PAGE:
These instances of dramatic irony have two effects. First, they are morbidly funny, as they point out the characters naïveté and the audience’s knowledge of history and psychology. Second, they cause the audience to sympathize with and to better understand the play’s characters. After all, many people have experienced false confidence, and many people have been disappointed by personal or world events they could not anticipate. That the Birlings do not know what will happen to them does not make them stupid. It makes them realistic human beings.

The problems of the characters’ temperaments arise at this point in the play as the audience learns about the facets of the characters’ personalities that they choose to show and to conceal. Arthur presents an image of steadfastness and power, but he is deeply concerned with his social station. He reveals this to Gerald when he acknowledges the Crofts’ social superiority. Arthur’s desire for a knighthood is almost painfully poignant, and Gerald, for his part, seems relieved to hear it because he believes it will satisfy his mother. It is not clear whether Sybil’s unflappability in this section is reserve or disdain. And Sheila’s teasing of Gerald is not readily identifiable, either. Although one wonders if Gerald’s absence the previous summer will be explained, there could, of course, be a simple and innocent reason for it.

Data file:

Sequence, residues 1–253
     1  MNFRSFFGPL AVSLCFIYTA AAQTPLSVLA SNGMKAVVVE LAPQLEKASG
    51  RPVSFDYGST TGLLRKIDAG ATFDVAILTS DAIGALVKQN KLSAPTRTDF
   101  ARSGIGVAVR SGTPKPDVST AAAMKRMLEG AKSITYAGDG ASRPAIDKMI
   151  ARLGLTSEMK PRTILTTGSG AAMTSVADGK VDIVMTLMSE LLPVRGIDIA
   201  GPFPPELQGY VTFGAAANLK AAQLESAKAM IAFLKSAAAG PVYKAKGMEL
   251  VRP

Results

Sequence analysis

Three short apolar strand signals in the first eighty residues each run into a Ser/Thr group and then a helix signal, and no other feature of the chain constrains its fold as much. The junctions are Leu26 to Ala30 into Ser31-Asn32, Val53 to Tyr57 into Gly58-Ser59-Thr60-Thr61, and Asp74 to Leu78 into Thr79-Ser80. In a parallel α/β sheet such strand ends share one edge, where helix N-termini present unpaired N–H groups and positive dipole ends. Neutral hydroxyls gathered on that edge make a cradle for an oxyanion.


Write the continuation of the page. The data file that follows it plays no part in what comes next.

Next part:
Thus Priestley sets in motion the problems that will combine to form the play’s dramatic tensions. But these problems are not announced from the beginning. Instead, they are insinuated, revealed through the characters’ words and the manner in which those words are said. The play’s lack of narrator and its revelation of plot only through dialogue means there is no third person who announces their intentions. The closest the play will come to this kind of organizing presence is the Inspector, but even he primarily asks questions. He does not feel it is necessary to answer them, and, as Sheila notes, he appears aware of the truth already, and more interested in getting the other characters to admit to it.

A final important note is the relative stasis of the play, or its “seatedness” in one place. Although other locations are mentioned, including the factories where Arthur and Eva work, and the bars where Gerald and Eric meet Eva/Daisy, the play’s action unfolds in the dining and living room of the Birlings’ home. This gives the play a small, contained, even panicked quality, as though the characters could not escape their interrogation if they tried. Of course, Eric and Gerald do leave for a time, but they return to the scene of inspection to answer the Inspector’s questions about their behavior.